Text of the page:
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Who would you trust to look after your interests?

Lasting Powers of Attorney (LPA's) are legal documents drawn up and registered with the Office of the Public Guardian to give another person or persons (attorneys) the power to deal with your affairs and make decisions for you if you are unable to do this for yourself because you lack the capacity.

None of us really likes to think about a time when we might lose the capacity to look after our own interests. However, the number of people who have to face up to this eventuality is on the increase.

It isn't just about those who lose mental capacity either, although anyone who has had a loved one struck down by alzheimers or dementia will recognise just how difficult that could be if they don't have someone that they trust to represent them and make sure that any decisions made are completely in their interests. It is also very possible that someone might become incapable of running their own affairs due to physical impairments, perhaps due to an accident or lessening mobility.

To address these risks there are two types of LPAs which can be set up. One of these covers your financial decisions which would enable your attorneys to run your bank accounts, make or sell investments, pay your bills and buy or sell property.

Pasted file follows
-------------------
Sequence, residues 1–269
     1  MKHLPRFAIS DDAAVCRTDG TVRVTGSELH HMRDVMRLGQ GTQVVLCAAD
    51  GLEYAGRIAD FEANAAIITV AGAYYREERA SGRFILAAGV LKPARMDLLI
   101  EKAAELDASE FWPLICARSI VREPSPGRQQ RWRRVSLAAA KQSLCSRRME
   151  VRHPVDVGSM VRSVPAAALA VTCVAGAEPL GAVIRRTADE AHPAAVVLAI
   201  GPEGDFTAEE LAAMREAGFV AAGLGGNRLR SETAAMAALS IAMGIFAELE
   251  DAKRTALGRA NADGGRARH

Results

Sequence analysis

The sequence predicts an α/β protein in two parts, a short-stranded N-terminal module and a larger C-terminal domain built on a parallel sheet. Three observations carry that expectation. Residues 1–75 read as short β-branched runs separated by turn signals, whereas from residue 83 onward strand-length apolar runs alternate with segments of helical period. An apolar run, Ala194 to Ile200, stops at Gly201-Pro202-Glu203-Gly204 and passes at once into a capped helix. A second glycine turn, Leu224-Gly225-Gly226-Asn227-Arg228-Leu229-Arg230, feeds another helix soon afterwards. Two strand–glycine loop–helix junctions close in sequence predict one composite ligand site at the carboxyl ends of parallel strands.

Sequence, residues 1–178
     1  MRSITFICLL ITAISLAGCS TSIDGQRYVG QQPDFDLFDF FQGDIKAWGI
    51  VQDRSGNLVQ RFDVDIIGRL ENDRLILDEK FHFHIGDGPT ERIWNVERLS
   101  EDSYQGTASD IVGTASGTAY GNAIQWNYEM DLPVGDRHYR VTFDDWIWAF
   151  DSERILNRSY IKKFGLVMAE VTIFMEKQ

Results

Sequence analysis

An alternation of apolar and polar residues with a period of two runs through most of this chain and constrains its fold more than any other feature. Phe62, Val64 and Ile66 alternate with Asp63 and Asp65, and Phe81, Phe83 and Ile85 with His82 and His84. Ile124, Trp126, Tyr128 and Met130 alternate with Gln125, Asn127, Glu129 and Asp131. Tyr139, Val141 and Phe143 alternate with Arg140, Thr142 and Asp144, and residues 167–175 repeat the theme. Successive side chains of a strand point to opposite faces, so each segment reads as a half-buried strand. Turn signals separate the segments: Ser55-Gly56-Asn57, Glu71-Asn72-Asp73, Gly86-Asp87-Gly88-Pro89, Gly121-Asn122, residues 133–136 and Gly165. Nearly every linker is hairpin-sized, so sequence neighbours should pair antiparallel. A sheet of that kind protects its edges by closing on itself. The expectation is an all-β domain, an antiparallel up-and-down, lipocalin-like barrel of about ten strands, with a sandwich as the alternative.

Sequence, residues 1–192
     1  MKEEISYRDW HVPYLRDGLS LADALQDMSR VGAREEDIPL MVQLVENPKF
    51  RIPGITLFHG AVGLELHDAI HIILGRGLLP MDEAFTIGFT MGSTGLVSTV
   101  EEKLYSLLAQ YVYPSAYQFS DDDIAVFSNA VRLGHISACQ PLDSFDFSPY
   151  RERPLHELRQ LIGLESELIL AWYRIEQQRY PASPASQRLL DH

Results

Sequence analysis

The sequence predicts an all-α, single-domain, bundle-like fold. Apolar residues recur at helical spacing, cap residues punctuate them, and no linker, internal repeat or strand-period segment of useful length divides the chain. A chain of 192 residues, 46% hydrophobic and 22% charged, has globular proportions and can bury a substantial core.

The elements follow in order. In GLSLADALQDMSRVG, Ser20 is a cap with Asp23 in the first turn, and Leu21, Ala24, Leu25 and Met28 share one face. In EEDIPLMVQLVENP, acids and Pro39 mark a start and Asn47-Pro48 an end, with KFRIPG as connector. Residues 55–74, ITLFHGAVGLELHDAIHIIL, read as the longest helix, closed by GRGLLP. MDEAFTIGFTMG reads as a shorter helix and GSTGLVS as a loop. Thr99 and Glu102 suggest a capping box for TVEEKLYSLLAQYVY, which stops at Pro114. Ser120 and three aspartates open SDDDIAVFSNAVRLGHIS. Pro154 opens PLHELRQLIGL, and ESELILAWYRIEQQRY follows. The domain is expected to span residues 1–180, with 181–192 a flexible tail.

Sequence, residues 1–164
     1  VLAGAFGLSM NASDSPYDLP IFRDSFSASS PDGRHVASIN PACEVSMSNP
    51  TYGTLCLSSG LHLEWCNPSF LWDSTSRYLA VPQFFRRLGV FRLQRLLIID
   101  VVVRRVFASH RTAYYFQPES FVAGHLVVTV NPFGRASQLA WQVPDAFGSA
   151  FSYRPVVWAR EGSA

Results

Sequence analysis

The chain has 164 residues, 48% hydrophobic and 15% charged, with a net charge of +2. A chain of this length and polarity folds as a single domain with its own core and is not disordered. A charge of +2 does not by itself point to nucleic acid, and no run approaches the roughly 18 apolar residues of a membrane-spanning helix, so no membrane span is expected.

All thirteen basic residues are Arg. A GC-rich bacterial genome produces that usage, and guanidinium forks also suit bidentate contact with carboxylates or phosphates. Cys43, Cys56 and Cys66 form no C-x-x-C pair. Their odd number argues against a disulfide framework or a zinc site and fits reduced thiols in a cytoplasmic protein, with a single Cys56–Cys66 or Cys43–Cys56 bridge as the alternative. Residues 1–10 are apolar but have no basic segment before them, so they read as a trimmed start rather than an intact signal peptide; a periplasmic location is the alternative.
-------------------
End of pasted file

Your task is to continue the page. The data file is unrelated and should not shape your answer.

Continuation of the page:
The other covers your health decisions which can include the type of health care and medical treatments you receive, including life-sustaining treatment, where you live, who visits you, and daily matters such as your diet and routine.

To register LPAs, there are certain forms which have to be completed. You will need a certificate provider to certify you are of sound mind and also a witness to these documents.

Couples who are married or in a civil partnership do not have the power to make decisions for each other if one of them loses capacity. LPAs are the only way to ensure that the people of your choosing would have the legal authority to deal with your affairs.

If you lose capacity (even temporarily) and you have not completed LPAs, your assets will be frozen (this includes joint bank accounts) and your loved ones would need to apply to the Court of Protection for deputyship. Applying to the court is very costly and it can take several months for a decision to be made.

In many cases the court may decline the application and appoint professional attorneys (who charge for their services) to deal with your financial affairs and social services to make all the decisions regarding your health and welfare; not your partner or next of kin.

It is never too soon to look at completing Lasting Powers of attorney so don't delay.

If you remain unconvinced then maybe take a look at the links below, two videos and a BBC article on why you should register LPAs at the earliest possible opportunity:

Why a financial LPA is so important:

Why you should also have a Health and Welfare LPA:

BBC Article:


Ancojada Limited is not authorised or regulated to provide financial advice.

All financial advice is provided by other regulated businesses.

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